# Lesson Series

Differential calculus is the study of the slopes of functions and their application to real world problems. The slope of a function $f(x)$ at a specific point is called a derivative and is denoted by two common notations: $f'(x)$ and $\frac{df}{dx}$. We provide a listing of real world examples where derivatives are used to describe real world phenomenon.

Here we show that a derivative is a function limit. We provide some simple examples of how the function limit definition is used.

In this lesson we derive the formula for the tangent line given that we know the function and its derivative.

We discuss here how a function is continuous at a point if it is differentiable at that point. However, the converse is not true. If a function is continuous at a point it is not guaranteed that it will be differentiable there.

The Chain Rule shows how to find the derivative of a function composition. The Chain Rule states that \[\frac{d}{dx}\left[f\circ g\right] =\frac{df}{dg}\cdot\frac{dg}{dx}.\]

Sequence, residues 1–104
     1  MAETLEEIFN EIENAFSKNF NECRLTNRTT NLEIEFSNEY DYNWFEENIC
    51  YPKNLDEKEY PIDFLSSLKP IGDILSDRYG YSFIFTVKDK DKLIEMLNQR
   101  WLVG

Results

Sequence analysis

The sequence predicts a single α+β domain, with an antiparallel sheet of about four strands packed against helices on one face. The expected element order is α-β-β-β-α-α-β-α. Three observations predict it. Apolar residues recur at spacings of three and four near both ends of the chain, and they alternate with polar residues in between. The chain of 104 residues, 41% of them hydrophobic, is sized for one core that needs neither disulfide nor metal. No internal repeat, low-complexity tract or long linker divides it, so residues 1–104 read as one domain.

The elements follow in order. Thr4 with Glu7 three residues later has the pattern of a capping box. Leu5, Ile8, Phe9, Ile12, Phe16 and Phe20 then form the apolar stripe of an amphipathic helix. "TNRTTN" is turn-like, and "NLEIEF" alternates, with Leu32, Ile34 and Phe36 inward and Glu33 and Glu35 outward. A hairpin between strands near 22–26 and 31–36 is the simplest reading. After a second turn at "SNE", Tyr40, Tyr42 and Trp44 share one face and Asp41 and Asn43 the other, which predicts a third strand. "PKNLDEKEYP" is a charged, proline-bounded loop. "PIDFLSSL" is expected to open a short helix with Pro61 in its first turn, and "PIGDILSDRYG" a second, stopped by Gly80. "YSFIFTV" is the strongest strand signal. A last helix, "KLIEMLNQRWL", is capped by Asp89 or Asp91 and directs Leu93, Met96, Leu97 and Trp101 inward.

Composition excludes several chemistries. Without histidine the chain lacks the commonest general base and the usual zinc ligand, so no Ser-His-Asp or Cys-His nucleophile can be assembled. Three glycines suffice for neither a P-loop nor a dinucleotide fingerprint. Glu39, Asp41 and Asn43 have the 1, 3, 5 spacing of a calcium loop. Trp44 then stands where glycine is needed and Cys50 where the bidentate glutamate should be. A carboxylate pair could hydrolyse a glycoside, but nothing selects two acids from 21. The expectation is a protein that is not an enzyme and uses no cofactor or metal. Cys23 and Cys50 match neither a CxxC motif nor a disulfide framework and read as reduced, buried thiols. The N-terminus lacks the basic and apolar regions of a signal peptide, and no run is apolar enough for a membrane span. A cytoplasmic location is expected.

We present here the most important differentiation formulas. We include derivatives of $x^n$, the product rule, the quotient rule, and the chain rule.

We explain how the derivative is the rate of change of one variable in relation to another.

The Leibniz notation is where we denote a function's derivative by $\frac{df}{dx}$. We provide an explanation of where the Leibniz notation comes from.

We motivate the fact that we can find as many other derivatives of a function as possible and emphasize the use of the Leibniz notation to describe them. We calculate all of the derivatives of $f(x)=x^2$ and $f(x)=e^x$. We provide links to lessons that detail the meaning of the second derivative.

An antiderivative of the function $f(x)$ is another function $F(x)$ where $F\,'(x)=f(x)$.